It’s hard today to remember just how many people watched Mary Tyler Moore during her peak half-hour network comedy era, first with “The Dick Van Dyke Show” (CBS, 1961 to 1966), then “The Mary Tyler Moore Show” (CBS, 1970 to 1977). That Emmy-lauded newsroom sitcom reached 30 million homes, with some 100 million tuning in every Saturday night to watch Moore embody that rare thing on television: a single career woman who was not defined by the men in her life. At the time, this was radical.
Given that those millions were watching Moore back in the 60s and 70s, and later with Nick at Nite reruns, it’s no surprise that many people who did not grow up with Moore do not know her at all. Maybe they’d seen the iconic hat toss or heard a reference in a Weezer song (“Buddy Holly”).
That was the level of knowledge for the Harlem-born TV cinematographer-turned-documentary director James Adolphus, who took on the two-hour documentary “Being Mary Tyler Moore” (HBO) without having seen one episode of her television shows. But producer Lena Waithe “bet on Mary,” she told me on Zoom. “If I’m correct, he’s going to fall in love with her, like the rest of the world did. And that’s what happened.”
Five years ago, a year after Moore’s death, her widower Dr. Robert Levine read a 2018 Waithe Vanity Fair cover story in which she expressed her admiration for Moore. Levine invited Waithe to the Connecticut estate he used to share with his wife, showing Waithe her office, her pens and papers, her awards, her closet. Levine “was the love of her life,” said Waithe on Zoom. “He was the one there when she passed away. Her ghost was with us in a way. He said, ‘I love that my wife had such an impact on you. And I never would have thought about that.’ And I said to him, ‘She had a humongous impact on me, what I want to write, and how I want to exist in this world.’ And when I left I thought, ‘Oh I want everyone else to have the experience I just did.’”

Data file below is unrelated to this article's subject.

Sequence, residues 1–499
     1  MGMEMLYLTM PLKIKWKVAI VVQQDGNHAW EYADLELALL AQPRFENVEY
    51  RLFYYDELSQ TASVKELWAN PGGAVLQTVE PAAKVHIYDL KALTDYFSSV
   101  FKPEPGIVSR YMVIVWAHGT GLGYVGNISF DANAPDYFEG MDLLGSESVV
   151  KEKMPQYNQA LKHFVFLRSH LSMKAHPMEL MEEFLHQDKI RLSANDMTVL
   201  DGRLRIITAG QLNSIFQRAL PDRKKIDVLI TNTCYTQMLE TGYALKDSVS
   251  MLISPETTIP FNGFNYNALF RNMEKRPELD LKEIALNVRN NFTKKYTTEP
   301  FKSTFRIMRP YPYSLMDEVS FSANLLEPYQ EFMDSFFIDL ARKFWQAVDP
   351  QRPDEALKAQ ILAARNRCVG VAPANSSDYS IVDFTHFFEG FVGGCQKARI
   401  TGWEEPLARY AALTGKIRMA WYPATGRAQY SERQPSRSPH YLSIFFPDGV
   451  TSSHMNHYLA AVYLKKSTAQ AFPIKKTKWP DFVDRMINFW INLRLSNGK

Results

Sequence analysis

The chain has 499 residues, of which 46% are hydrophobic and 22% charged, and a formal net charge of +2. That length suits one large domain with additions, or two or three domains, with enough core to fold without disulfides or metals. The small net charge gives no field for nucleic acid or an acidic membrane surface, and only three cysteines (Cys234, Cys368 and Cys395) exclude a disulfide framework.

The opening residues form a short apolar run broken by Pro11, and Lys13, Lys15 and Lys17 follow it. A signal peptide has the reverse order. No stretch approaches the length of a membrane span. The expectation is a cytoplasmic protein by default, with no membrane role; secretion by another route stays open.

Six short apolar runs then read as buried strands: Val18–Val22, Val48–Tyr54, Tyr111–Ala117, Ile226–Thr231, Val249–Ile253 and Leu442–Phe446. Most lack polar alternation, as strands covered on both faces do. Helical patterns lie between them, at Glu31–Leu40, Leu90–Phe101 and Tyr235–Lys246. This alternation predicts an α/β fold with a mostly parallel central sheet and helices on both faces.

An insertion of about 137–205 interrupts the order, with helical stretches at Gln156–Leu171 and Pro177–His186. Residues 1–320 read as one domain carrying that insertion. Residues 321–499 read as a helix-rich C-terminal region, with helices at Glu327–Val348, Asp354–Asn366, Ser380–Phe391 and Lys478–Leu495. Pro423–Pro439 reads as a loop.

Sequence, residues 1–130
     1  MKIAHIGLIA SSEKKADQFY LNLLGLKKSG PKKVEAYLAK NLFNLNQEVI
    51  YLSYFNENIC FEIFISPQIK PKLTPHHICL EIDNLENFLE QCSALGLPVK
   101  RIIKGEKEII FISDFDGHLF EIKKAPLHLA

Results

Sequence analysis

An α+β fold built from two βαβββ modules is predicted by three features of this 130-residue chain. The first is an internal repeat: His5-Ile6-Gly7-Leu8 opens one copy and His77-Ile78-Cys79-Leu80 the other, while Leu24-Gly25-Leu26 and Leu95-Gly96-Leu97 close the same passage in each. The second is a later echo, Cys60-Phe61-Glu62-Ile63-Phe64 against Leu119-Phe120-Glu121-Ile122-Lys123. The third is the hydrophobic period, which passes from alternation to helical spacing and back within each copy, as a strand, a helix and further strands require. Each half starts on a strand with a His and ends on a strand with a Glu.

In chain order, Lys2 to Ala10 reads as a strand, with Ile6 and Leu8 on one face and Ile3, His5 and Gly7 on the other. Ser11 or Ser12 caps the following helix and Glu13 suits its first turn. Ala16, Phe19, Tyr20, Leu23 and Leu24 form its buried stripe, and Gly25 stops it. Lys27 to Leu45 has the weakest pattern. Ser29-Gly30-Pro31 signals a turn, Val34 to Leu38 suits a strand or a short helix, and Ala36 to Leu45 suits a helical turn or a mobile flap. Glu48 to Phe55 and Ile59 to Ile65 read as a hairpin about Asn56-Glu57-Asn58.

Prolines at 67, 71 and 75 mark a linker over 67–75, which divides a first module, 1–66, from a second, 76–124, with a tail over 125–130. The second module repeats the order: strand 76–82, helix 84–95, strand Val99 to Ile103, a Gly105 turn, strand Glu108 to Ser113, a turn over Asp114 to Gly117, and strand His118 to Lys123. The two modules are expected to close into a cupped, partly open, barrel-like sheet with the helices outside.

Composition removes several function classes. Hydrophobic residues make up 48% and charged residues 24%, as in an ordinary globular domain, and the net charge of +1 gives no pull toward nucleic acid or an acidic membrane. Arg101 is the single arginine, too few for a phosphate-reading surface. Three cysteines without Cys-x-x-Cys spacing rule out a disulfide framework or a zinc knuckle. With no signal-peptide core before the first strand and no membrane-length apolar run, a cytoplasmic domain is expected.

That’s how Waithe started to ponder how to bring Moore to life in a film: a documentary, she decided, was the way to go, which was neither something she had done before nor had time to do more than produce. Waithe’s initial love of Moore stemmed from studying in college the writing on “The Mary Tyler Moore Show.” “It’s something you have to learn,” she said. “It’s almost like the filmmakers who have to study Martin Scorsese and Spike Lee. You have to know it if you want to write half-hour comedy.”
This lead Waithe to read Moore’s memoir, “After All” (which is back in print). “I thought what a fascinating human being she was, to be the Jackie O of television, but then to be someone in her own life and figuring out who she wanted to be. Even though she was the blueprint for so many women. She was trying to create a blueprint at home.”
First, Waithe assembled her producing team. “I was the idea person,” she said. “I wanted to have a team, which included [her producing partner] Rishi Rajani, Debra Martin Chase, Ben Selkow, and Dr. Levine. We’re a wonderful group. We represent what society actually looks like. And we all have a lot more in common than we think. And it needed a director who could be the maestro.”
When it came time to hire that person, Waithe didn’t do the obvious and hire a woman. Instead she turned to Moore neophyte Adolphus, who she had just worked with on a Quibi sneaker docu series “You Ain’t Got These.” During production, Adolphus interviewed her on a day when she was in no mood to be interviewed — and got great stuff out of her. “I made a mental note,” she said. “I learned in that moment that he cares so much about the subject matter that he’s going to connect, he’s going to care, he’s going to give a shit.”
Adolphus started by reading Moore’s memoir, and found himself identifying with her in ways he had not expected. Moore grew up with alcoholic parents; Adolphus grew up around violence and drugs. They navigated their way in show business success. “There were some dark stories in her life,” he said. “She only gave a few pages to the death of her son, she gave not a full page to being sexually assaulted when she was a child by a neighbor. She wasn’t expressive with her feelings. I appreciated that she led with her vulnerabilities. Because she’s not known as someone who is vulnerable.”